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A modern parking structure for a transit-oriented, accessible, tree-covered site

Feb 8, 2022

The Beacon, an elevator lobby and connection to the hospital that serves as an alternative meeting point for rideshare vehicles and taxis as well as patient drop-offs.

A leisurely stroll with picturesque views across Dow’s Lake. A quiet cup of coffee in a sunny pavilion before an appointment. A moment of contemplation in a healing garden. A convenient, safe place to park your bike or your car on the way to the hospital.

The parking structure at The Ottawa Hospital’s new campus will provide all of these experiences for people coming to the site.

The structure will have 2500 parking spaces – the minimum requirement for the hospital’s size – designed to fit on the smallest possible footprint. It will include 72 accessible spaces and 144 limited mobility spaces located close to elevator banks, as well as charging stations for electric vehicles and secured and sheltered bike parking.

In addition to providing enough parking for thousands of patients, families and health-care workers, the structure provides a direct, enclosed and accessible link between the nearby LRT station and the main hospital building.

And, it will include a large public park with areas for recreation, rest and contemplation. It will be subtly integrated into the surrounding parkspace and neighbourhoods and connected by an accessible walkway to the main hospital and the nearby LRT. The building’s scalloped edges will soften its appearance, and surrounding trees and other vegetation that will grow to mask the structure.

The Dow’s Lake side of the structure has been designed as a subtle gateway to Dow’s Lake, blending into nearby Commissioner’s Park. The structure includes 200 public parking spots designed to support activities and festivals in the surrounding area, replacing the parking lot that currently sits at the corner of Carling and Preston.

Construction will begin in 2022, ahead of the main hospital build scheduled to begin in 2024.

The Highline: a fully connected site

The ‘Highline’ walkway provides a direct route from the LRT station and parking structure to the main hospital. Enclosed and heated in the winter, the walkway is level and at grade with the main hospital entrance. The route will be open and spacious, with large windows out to a park, retail areas and plenty of rest spots and seating for people making their way to and from the hospital. Mobility aids like moving sidewalks will increase accessibility and help people to get to their destinations quickly and comfortably.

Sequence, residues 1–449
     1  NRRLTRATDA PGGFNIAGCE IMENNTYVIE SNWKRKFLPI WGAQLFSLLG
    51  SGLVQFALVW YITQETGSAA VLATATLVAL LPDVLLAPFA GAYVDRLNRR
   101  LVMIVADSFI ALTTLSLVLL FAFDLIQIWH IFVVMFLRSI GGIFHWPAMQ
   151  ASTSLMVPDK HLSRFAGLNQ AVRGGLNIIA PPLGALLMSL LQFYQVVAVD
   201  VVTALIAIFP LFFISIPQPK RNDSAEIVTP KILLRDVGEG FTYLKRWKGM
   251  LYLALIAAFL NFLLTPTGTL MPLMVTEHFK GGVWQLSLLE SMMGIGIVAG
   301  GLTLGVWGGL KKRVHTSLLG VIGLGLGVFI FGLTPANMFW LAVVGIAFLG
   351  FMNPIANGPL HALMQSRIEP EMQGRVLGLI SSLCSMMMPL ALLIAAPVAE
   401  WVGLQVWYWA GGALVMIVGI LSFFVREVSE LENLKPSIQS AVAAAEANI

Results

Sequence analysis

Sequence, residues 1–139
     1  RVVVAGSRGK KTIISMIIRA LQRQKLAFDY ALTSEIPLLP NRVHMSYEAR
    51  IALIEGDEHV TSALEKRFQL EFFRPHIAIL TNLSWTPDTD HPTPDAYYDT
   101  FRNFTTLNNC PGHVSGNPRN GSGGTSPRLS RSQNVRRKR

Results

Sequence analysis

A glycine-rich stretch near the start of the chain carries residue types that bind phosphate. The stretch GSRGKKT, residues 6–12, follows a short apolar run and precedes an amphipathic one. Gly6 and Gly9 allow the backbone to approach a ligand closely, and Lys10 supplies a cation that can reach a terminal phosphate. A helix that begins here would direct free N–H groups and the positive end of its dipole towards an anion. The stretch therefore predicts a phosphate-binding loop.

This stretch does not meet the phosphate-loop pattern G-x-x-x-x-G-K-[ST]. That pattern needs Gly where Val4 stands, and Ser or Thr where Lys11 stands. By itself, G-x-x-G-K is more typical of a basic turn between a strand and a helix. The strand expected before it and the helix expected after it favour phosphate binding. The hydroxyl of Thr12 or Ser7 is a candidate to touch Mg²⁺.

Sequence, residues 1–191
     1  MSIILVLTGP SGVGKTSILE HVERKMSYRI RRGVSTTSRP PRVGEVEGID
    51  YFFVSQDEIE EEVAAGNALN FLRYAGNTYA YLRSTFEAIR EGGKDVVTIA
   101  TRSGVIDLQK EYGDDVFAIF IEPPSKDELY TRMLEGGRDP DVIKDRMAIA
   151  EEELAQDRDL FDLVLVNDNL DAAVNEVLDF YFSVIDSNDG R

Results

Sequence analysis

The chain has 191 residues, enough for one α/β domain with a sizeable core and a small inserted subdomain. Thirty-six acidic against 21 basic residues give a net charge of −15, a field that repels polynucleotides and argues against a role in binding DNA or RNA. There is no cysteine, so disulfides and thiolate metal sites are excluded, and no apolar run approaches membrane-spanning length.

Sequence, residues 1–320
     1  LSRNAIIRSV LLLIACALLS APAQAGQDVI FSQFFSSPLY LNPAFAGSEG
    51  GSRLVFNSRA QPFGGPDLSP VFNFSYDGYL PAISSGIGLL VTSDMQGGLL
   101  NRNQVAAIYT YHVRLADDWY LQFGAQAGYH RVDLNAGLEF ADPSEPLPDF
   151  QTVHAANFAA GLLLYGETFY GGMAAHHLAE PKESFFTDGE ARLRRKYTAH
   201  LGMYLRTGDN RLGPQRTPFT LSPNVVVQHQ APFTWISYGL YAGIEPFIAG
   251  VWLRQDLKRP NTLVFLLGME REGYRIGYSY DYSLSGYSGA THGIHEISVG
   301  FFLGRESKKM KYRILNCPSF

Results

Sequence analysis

“It’s meant to feel like the front porch to the park,” said Jason-Emery Groen, Vice President and Design Director at HDR Inc. “We want it to feel completely connected, to encourage activities to spill out of the Highline and into the public park to give back to the community as a whole.”

The Highline will be accessible from street level, parking areas and the LRT station through elevator banks and stairs located in two areas along the route.

The ‘Beacon,’ an elevator lobby and tower at the intersection of the site’s two internal roads, serves a dual purpose. With a set of elevators and enclosed stair leading directly up to the Highline walkway that links to the hospital, the Beacon serves as an alternative meeting point for rideshare vehicles and taxis as well as patient drop-offs.

It also serves as a secondary entrance to the hospital, building in flexibility so that if the main entrance is very busy, or is closed for any reason, it’s easy to adjust.

A public park with views across Dow’s Lake

Beyond the doors of the Highline, the parking structure will be crowned by a five-acre public park. The space is planned to include open recreational areas, tree stands, an accessible park and play area, a variety of gardens, including with traditional medicinal plants, and new facilities for the DARA tennis club.

The park will be accessible from the hospital by the enclosed highline walkway, from street level by elevator, and by the “Folded Path.” This winding, scenic path is intended to be experiential and taken at a leisurely pace, serving as an alternate route to the elevator to reach the rooftop park. The path climbs the Dow’s Lake side of the structure and offers views across Commissioner’s Park and Dow’s Lake, and includes rest areas. The path is also accessible from each level of the parking garage.

“In addition to ensuring this structure meets the needs of the hospital, we designed it to create new experiences within this urban park,” said Jason-Emery. “The Highline is an engaging, interesting walk from LRT and the parking structure. Similarly, the Folded Path offers publicly accessible views out over Dow’s Lake that many people might not often have equitable access to, unless they live in a tall building nearby.”